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MARRIAGE DIGEST: New Jersey governor would sign 'gay marriage' bill, after election
Posted on Feb 22, 2008 | by Michael Foust

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TRENTON, N.J. (BP)--New Jersey Gov. Jon Corzine Feb. 19 signaled he would sign a bill legalizing "gay marriage" - just not before the November elections.

Homosexual activists in the state are pressuring the legislature to pass such a bill, arguing that the current civil unions law - which grants same-sex couples the legal benefits of marriage - is insufficient.

"He will sign a bill, but doesn't want to make it a presidential election year issue," Corzine spokeswoman Lilo Stainton said, according to the Associated Press.

But Corzine's public position likely will make "gay marriage" an issue, although to what degree remains to be seen. Corzine, a Democrat, reportedly made the same pledge last year at an informal gathering of the New York chapter of the National Lesbian and Gay Journalists Association.

Although Massachusetts remains the only state to recognize "gay marriage," other states could follow within the year. High court decisions in Connecticut and California are expected in coming months, and Iowa's Supreme Court will hear a case as well.

New Jersey's civil unions law was court-mandated in 2006, when the New Jersey Supreme Court ordered legislators to grant homosexual couples the same legal benefits married couples have. To the chagrin of homosexual activists, the legislature chose to legalize civil unions, and not "gay marriage." Immediately, "gay marriage" supporters pledged to continue the fight.

"New Jersey's civil union law segregates, discriminates and humiliates the very people it is supposed to help," Steven Goldstein, chairman of the homosexual group Garden State Equality, said, according to the AP.

Goldstein's comments came after the Civil Union Review Commission - made up of government appointees - issued a report Feb. 19 saying the civil unions law falls short of its goal because private employers ignore it by not providing homosexual couples the same spousal benefits married couples have.

"The report does raise significant concerns about whether the law has effectively granted same-sex couples the same rights and benefits of every other family in the state," Corzine said.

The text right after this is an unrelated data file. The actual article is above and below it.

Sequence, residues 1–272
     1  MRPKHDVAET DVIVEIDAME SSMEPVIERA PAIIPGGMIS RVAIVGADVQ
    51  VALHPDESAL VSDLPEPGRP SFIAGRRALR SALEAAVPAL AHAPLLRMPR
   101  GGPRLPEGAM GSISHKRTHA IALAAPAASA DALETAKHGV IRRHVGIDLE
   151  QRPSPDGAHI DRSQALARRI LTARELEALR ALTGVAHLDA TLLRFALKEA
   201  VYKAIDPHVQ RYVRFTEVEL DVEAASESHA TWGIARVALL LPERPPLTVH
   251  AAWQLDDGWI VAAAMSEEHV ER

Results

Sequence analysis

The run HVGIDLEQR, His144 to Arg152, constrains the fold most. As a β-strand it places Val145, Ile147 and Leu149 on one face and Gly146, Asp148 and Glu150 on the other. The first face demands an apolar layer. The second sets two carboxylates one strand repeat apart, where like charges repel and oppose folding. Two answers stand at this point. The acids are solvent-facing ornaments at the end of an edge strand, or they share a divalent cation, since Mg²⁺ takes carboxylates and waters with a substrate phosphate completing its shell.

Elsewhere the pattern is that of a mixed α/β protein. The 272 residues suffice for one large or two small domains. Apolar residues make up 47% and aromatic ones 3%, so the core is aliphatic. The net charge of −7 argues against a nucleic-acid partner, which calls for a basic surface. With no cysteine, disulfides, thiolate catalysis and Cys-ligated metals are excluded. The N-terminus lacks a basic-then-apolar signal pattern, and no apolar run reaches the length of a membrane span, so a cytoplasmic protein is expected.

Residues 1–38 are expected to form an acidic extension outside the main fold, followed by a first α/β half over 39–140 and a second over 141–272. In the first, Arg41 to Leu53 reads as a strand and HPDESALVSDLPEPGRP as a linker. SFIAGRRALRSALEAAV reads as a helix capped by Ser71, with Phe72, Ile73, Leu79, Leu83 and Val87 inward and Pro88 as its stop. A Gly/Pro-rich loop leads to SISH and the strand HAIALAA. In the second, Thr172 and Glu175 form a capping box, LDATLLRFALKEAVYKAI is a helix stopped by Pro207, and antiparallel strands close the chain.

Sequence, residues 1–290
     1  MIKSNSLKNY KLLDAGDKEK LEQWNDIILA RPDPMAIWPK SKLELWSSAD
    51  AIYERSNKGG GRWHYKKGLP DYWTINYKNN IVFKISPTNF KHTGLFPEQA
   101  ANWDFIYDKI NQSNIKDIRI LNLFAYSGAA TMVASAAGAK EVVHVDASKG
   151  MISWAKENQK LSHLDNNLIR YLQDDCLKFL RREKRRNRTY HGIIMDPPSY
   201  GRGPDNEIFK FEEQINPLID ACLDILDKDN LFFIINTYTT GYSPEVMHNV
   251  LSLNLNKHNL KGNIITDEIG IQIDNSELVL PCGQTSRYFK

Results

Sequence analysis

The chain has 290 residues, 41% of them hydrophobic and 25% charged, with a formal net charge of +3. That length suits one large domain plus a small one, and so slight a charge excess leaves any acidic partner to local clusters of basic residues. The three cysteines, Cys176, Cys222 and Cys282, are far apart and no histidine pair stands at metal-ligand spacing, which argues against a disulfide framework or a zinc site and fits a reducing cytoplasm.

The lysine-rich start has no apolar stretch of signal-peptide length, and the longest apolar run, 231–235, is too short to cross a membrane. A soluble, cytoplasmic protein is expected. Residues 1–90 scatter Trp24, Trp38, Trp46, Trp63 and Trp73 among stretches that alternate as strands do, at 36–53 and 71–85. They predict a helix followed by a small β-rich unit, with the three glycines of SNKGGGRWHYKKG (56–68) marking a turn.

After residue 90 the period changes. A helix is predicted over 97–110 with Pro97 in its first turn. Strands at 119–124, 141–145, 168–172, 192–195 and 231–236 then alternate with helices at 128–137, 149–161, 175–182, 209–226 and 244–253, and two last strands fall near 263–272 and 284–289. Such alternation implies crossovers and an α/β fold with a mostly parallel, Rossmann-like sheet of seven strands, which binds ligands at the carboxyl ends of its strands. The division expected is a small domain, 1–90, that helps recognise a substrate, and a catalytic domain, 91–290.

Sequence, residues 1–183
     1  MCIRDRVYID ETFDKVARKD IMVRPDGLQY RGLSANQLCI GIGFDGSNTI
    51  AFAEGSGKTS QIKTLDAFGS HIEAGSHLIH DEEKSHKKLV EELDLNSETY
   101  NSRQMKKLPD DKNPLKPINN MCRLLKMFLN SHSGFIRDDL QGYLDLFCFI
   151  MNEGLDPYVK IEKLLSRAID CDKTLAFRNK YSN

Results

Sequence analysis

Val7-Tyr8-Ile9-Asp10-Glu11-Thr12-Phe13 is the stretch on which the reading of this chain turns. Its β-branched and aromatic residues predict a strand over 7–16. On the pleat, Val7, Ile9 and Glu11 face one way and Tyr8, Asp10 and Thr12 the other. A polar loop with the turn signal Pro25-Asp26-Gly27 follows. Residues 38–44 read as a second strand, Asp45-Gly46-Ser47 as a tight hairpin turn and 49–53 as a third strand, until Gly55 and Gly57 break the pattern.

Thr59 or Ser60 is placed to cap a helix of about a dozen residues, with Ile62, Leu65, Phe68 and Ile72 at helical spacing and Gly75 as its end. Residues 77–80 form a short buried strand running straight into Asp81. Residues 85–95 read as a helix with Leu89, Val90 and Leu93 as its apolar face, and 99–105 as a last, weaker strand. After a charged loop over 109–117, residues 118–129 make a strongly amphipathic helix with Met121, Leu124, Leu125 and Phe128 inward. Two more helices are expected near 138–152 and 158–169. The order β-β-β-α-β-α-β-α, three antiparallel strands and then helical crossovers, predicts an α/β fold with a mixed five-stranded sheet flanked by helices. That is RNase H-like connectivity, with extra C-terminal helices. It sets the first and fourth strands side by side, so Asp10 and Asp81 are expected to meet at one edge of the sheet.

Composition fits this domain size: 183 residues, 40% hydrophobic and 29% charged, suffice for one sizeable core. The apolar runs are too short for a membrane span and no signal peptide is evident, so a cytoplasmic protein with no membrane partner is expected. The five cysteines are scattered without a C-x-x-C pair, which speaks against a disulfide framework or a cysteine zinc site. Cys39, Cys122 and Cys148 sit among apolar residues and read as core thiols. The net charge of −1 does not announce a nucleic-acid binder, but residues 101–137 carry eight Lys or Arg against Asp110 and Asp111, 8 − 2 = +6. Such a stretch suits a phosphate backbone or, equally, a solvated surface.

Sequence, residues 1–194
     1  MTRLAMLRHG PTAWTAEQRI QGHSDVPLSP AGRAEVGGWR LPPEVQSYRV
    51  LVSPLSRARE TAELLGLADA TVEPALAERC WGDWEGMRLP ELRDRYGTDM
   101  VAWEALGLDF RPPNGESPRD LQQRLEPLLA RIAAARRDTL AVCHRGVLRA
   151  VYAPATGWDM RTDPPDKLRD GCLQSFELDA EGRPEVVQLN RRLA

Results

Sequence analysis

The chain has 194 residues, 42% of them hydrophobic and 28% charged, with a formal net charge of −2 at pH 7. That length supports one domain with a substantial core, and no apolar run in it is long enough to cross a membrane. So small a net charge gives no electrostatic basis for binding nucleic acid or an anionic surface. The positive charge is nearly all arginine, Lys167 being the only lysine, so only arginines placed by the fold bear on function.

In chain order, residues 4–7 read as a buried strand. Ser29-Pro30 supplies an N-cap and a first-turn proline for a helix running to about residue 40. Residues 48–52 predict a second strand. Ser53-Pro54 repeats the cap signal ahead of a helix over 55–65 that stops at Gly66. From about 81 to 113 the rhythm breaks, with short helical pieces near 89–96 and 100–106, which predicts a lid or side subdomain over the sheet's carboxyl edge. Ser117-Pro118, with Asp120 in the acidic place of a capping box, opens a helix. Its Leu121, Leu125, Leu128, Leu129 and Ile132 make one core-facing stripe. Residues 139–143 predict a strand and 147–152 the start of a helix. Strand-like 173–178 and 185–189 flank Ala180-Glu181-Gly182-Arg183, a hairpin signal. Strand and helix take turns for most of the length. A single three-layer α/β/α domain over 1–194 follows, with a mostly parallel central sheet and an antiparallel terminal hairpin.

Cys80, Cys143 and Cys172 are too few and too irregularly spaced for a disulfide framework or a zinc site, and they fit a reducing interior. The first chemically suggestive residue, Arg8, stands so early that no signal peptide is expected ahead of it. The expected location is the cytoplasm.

Conservatives said the commission was stacked with supporters of "gay marriage."

"In the end, the truth is, the homosexual lobby wants same sex marriage for one reason -- to use the power of the state to force heterosexuals to approve of homosexual activity and relationships," said Assemblyman Richard Merkt, a Republican, told AP.

Democrats control the New Jersey House and Senate.

IND. MARRIAGE AMEND. LIKELY DEAD - A proposed constitutional marriage amendment is likely dead in Indiana even though a majority of members of the House of Representatives have signed a petition saying they support it. The amendment previously passed the Senate.

The petition has signatures from 48 Republicans and seven Democrats, giving it support by 55 of the 100 members in the House, AP said. But because Democrats hold a slim 51-49 edge, and because Democratic leaders oppose it, it likely won't come up for a vote. House Speaker Patrick Bauer opposes it, as does Democratic Rep. Scott Pelath, who heads a key committee that would consider the proposal.

The proposal's defeat would be significant because amending the Indiana constitution involves a lengthy five-step process. It must pass the House and Senate in one legislative session, then pass those same bodies again in the next (a total of four steps). It passed the House and Senate in the previous legislature, but when Democrats gained the House in 2006, the amendment stalled. It has passed the Senate twice. The fifth and final step for the amendment would be approval by voters - a step which would take place this year if it passed the House. But if it does not pass the House this session, the entire five-step process must start from the beginning, meaning the amendment would not go before voters until 2012 at the earliest.

RELIGIOUS DIVIDE IN CALIF. - A closely watched "gay marriage" case before the California Supreme Court also has divided conservative and liberal religious groups. Among the groups that have signed friend-of-the-court briefs urging the court to uphold the current law that protects natural, traditional marriage are the National Association of Evangelicals, the California Catholic Conference, the Mormons and the Union of Orthodox Jewish Congregations, the San Francisco Chronicle reported. Among the groups urging "gay marriage" to be legalized are the Unitarians, the United Church of Christ, the Union for Reform Judaism and the Soka Gakkai branch of Buddhism, the newspaper said.

Former U.S. Solicitor General Kenneth Starr is representing the conservative groups.

In court briefs, Starr argues that his clients' argument is not based on religious doctrine, but on "historical and sociological facts about what marriage has always been across time and cultures." The people and the legislature, he said, should be the ultimate deciders on the issue.

"We have seen at close range the enormous benefits that traditional male-female marriage imparts," he wrote, according to the Chronicle. "We have also witnessed the substantial adverse consequences for children that often flow from alternative household arrangements."

The "inescapable truth," he said, is that "children need their mothers and fathers, and that society needs mothers and fathers to raise their children."
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Michael Foust is an assistant editor for Baptist Press.
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